Next Level Seniors: Abby Sheets Follows Her Father’s Footsteps and Commits To Run Track at Sacramento State


Dakota Canzano

Senior Abby Sheets hopes to compete in the 100-meter hurdles at Sacramento State.

Dakota Canzano, Editor

Ever since senior Abby Sheets was in middle school, she has dreamed of becoming a track athlete that others could look up to. 

“I want to be someone who other athletes can look up to and give them support and motivation,” Sheets said. “Now that I’m here… I’m in the position that I was looking up to when I was younger, and I think that definitely gives me motivation to keep pushing.”

Sheets is part of a select few seniors at La Salle who have signed to play sports at the collegiate level, students The Falconer showcases in the Next Level Seniors series. Sheets is committed to Sacramento State for Division I track and field, competing in the high jump event. 

With Sheets’ father running track at La Salle and in college at Boise State, and her older sisters, Emma and Julia Sheets, competing in high school, “my family’s always been a pretty big track family,” Sheets said. She added that she and her family would always attend All-Comer Track Meets as a family when she was younger.

As soon as she was old enough to join a team, Sheets took the opportunity to compete in track as a third grader at Saint Ignatius School in Portland, Oregon. Sheets started high jumping in fourth grade, which was “always a fun event” to her, especially when she was able to “improve a lot and become good at it,” she said. 

A big role model for Sheets is her father, who coached her in middle school, and then coached track and field at La Salle. He also currently holds two school records for javelin and long jump.

“The way that we think, it’s just all similar,” she said. “He’s always been my coach too, so it’s like I’ve had someone to look up to my whole life running track.” (Photo Courtesy of Abby Sheets)

“I just really look up to my dad,” Sheets said. “He is a lot like me [and] he calls me his mini me.” Sheets said that the two are similar in a lot of ways, such as their “attitude towards track” and their “work ethic.”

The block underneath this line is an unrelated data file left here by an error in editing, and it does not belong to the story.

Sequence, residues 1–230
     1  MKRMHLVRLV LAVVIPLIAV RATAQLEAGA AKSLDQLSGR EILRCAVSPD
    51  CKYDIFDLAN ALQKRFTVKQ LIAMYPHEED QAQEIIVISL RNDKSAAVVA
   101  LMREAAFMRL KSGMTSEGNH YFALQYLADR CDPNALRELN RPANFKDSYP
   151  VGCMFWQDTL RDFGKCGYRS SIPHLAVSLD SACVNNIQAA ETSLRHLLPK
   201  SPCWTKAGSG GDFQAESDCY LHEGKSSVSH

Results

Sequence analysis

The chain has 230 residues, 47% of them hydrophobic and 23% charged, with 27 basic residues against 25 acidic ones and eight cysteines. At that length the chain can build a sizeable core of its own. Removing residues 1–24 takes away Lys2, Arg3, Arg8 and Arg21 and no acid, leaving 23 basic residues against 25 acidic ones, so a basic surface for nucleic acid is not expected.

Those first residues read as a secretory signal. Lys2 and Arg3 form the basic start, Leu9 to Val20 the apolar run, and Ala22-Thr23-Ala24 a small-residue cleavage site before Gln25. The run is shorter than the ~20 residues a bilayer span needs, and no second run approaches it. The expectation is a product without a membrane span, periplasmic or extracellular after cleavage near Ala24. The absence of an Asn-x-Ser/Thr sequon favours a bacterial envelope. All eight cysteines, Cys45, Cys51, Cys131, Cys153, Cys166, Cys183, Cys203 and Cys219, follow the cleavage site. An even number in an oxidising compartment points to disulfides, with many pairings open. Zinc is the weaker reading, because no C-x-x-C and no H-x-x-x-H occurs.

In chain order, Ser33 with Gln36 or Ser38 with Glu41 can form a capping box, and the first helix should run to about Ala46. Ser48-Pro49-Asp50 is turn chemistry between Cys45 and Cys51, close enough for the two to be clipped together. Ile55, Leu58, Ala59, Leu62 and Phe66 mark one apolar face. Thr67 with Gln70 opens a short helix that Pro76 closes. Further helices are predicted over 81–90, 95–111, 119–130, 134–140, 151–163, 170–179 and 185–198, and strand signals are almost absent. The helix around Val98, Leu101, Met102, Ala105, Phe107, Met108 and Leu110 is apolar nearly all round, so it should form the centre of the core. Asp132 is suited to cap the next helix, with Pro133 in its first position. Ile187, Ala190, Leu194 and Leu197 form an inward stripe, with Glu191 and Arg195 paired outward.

When reflecting back on her first year of high school and thinking that she would end up as a senior collegiate DI athlete, “I never really thought of it realistically, then once I started getting into junior and senior year I was like, ‘wow, this is something I can actually do,’” Sheets said. 

Sheets said she realized that being able to run track in college was going to be a lot of work, but she knew that she would regret it if she didn’t try. 

So, Sheets and her father filled out several recruitment forms for Pac-12 schools, and in October of 2020, Sheets got recruited by Sacramento State, the school’s high jump coach reaching out to her via email to set up a Zoom call to get to know her better. 

Sacramento State was the first to contact Sheets out of a handful of schools, such as Long Beach State and the College of Idaho. Oregon State University also offered Sheets a spot on their track team, but without an official athletic scholarship.

With OSU’s offer for a spot on the team and Sacramento State’s scholarship recruitment, Sheets originally felt conflicted. But in the end, with Sacramento State offering a scholarship, she was intrigued and excited to take the next step. 

Sheets was initially interested in Sacramento State due to the warm weather, and began reaching out to other incoming athletes. Sheets then committed to high jumping for Sacramento State in December of 2020, but hopes to also try the heptathlon, which consists of competing in seven events: long jump, high jump, shot put, javelin, 800-meter dash, 200-meter dash, and 100-meter hurdles.  

Sheets’ favorite memory during her time on the track team for La Salle was during her freshman year when she was competing at Hayward Field at the University of Oregon for the 2018 OSAA state track and field meet. 

“Going to the state meet at Hayward Field down at U of O was really cool because that’s one of the tracks that you see on TV and the Olympic trials,” Sheets said. “Just getting to be there with the team and just seeing how supportive everyone is and just the team chemistry was really great and it was just really cool to be out there with everyone.”

The events that Sheets regularly competes in are high jump, 100-meter hurdles, long jump, and the 4×100 meter-dash relay. For high jump, Sheets’ personal record is 5 feet and 6 inches. 

Along with running track at La Salle, Sheets also runs for Resolute Track Club, training before school at 7 a.m. on Monday and Fridays each week.

“It’s kind of nice getting up early and just getting to school feeling already awake,” she said. “On days that I don’t do anything before school, I just feel tired, and I’m definitely not a morning person, so it kind of takes me a while to get up and running, but I think it definitely gives me a good start to the day.”

Especially during the pandemic, Sheets said she feels and is thankful that Resolute Track Club has done a great job of making opportunities for her to compete. 

Looking forward to college, Sheets is hoping to study Biochemistry and head into a pre-medical path. “I just kind of thought that was something that I would enjoy,” she said, especially after watching her parents work in the medical field – her father is a psychical therapist and her mother is a nurse. 

If Sheets could give advice to her younger self, she would say that “you have to accept failure and you have to just keep pushing through, because you can learn a lot from it and just the hard work, it’ll pay off if you keep pushing through,” Sheets said.